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Tag Archive for 'Anu'

So long, and thanks for the fish

Also posted in: ambassador’s public

It’s finally time to let go of all my remaining ties to volunteering in CouchSurfing, a few words about the why, if you will…

It wasn’t a bad year (1) In fact, it was a very good year. How often do you get a chance to see the world, settle down a bit in places, work for the things you believe in and meet the people you’ve been craving to meet all your life?

I’m still coming to terms with my feelings of this year, and CS more specifically. There’s a strong component of unjust treatment, and many questions which are to date not answered. I could probably write a book about all this but this will have to wait until a later date (you might want to check here in the near future though ;) (2)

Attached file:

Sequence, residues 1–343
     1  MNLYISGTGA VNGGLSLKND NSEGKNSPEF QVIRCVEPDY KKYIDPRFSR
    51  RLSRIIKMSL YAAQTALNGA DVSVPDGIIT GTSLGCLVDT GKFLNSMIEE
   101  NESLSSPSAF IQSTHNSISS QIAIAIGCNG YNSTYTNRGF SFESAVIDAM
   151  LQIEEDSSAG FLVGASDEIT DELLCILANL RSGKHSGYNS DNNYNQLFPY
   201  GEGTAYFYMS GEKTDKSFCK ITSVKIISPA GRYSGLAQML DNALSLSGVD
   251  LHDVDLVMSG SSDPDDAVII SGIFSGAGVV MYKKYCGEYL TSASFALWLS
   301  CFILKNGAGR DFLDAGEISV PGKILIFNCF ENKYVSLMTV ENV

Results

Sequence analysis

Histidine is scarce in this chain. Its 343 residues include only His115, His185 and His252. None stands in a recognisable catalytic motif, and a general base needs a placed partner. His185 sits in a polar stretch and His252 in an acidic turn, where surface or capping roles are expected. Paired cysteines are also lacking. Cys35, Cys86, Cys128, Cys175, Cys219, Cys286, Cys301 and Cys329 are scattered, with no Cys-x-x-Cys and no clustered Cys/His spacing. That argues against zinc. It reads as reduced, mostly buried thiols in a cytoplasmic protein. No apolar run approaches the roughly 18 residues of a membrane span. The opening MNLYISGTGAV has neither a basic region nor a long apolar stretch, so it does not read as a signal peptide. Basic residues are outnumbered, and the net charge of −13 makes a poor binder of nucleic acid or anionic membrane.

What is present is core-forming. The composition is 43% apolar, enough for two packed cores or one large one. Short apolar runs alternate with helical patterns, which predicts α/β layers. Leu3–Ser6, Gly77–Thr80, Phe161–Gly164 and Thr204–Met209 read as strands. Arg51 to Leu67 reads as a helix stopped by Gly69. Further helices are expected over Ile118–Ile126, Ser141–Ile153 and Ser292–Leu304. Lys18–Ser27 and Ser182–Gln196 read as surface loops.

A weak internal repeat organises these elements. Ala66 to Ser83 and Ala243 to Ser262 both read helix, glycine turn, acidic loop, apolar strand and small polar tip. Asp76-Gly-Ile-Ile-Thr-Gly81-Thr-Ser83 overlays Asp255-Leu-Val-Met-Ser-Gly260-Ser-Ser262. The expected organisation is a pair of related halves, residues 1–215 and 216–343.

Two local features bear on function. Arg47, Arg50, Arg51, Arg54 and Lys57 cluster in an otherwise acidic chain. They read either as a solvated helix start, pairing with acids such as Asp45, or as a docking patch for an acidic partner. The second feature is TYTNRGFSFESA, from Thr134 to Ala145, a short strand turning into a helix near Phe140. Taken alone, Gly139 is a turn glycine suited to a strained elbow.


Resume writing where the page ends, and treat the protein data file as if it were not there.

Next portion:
There’s definitely some anger: after all, I started doing CS work after already been burned once in a volunteering setting (3) and for this reason really did not want or need a second similar experience. However, I got one. What makes me angry is not the “wasted time” itself, it’s more the fact that had I known the fundamental attitudes (4, 5) of the leadership a year ago, I would probably not have started volunteering to such an extent – my anger is more directed towards concealing these attitudes (with lack of real communication there was no way of telling what the admins were thinking) rather than having them in the first place – for at least it would have offered an opportunity for me to choose if these were the kinds of people I’d like to work with (or as it seems, for). This by now almost feels like purposeful deception to lure in willing volunteers (6).